OH, FOR FUCK’S SAKE WILL ARNETT, HAVE SOME GODDAMN SELF-RESPECT!!!!

In that respect, Inside Out is the great redeemer for the recent slew of terrible family movies. Not only is this story all those positive qualities I mentioned above, but it’s maybe the smartest family movie ever made in a long time, and almost certainly one of the better depictions of the elements of childhood and growing up ever put to screen, capturing in ninety-four minutes what Boyhood couldn’t do in a million hours, or however long that fucking movie was. It’s joyous (Pun intended) but also bittersweet. It’s simple and carefree, but also confusing and difficult to get your head around. You can feel on top of the world one day and have it all crumble down in mere seconds. Multiple times. It’s good to see that Pixar not only rebounded from their rut, but rebounded with a movie that is going to mean so much to so many.

 …

That said, I don’t like the character design in The Good Dinosaur. Let’s see if Pixar makes me look like an ass again.

Overall: Brave is no longer the best Pixar movie since Toy Story 3. Thank Jeebus for that.

Rating: 9.5/10

Now, who’s excited for Ice Age 5???

Movie Review: Man of Steel

When I review movies, I can’t help but be a little swayed by movie critics. Sure, everything I write, I mean or agree with, but in an era where sites like like Rotten Tomatoes can give you a quick, effective overview of whether somebody liked the movie, or whether they hated it, and if their opinion of the film was an aberration or the status quo, gone are the days when you had to watch the movie for yourself to decide, more or less independently, what are quality films.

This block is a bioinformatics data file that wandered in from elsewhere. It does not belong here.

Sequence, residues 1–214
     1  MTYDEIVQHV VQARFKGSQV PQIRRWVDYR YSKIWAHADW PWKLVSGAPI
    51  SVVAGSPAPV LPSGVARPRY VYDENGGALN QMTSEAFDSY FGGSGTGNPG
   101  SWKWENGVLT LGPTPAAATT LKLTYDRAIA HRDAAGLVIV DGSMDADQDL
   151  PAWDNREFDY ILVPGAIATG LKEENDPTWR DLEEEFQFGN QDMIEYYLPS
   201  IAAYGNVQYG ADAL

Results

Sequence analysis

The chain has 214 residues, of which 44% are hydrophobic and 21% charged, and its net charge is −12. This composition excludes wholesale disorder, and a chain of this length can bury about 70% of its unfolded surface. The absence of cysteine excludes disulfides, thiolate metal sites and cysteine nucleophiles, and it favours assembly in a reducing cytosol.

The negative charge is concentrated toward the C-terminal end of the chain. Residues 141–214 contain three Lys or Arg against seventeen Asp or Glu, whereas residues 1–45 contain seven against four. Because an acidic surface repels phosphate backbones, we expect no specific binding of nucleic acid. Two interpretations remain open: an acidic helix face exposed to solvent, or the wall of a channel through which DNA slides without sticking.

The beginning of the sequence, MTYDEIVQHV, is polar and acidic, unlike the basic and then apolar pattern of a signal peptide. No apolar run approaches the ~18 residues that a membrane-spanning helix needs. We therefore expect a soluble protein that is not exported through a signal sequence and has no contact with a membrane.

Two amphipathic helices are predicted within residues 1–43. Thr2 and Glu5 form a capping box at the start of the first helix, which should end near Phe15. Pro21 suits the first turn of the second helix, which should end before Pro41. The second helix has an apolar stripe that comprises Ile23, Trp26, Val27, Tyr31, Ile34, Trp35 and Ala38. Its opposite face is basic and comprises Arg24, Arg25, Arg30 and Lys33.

Also, which 9% of critics and 30% of audiences should probably be separated from the general population.

But occasionally, there comes a movie where I simply cannot agree with the critical consensus. Van Wilder is one such movie (18% from critics). Another is Superhero Movie because goddammit, if it has Leslie Nielsen, it’s good enough for me.

This is about the closest Canada had to Mr. Rogers. We miss ya, Leslie.

The movie I’m reviewing today (If only because I’m feeling burnt out from my stupid baseball articles) is one that has polarized both critics and fans, unusual for superhero movies, which are usually unanimously seen as good or bad, depending on how many shitty emo dance sequences occur.

Hee hee! Look at how his cheeks wobble!

Starring the only superhero that just won’t stay dead even if some may prefer it that way…

File:Deathofsuperman.jpg

Those have got to be the weakest wounds that anyone has died from.

…Ladies and gentlemen, give it up for…

Superman, bearing his traditional red and blue costume, is shown flying towards the viewer, with the city Metropolis below. The film's title, production credits, rating and release date is written underneath.

Directed By: Zack Snyder

Genre: Superhero

Based On: Superman by Jerry Siegel and Joe Shuster

Starring: Henry Cavill, Amy Adams, Michael Shannon, Kevin Costner, Diane Lane, Laurence Fishburne, Antje Traue, Ayelet Zurer, Cristopher Meloni, Russell Crowe

Legacy: People starting to realize that producer Cristopher Nolan is probably a pretty joyless guy.

“Bitch, please.”

Quick Plot Summary: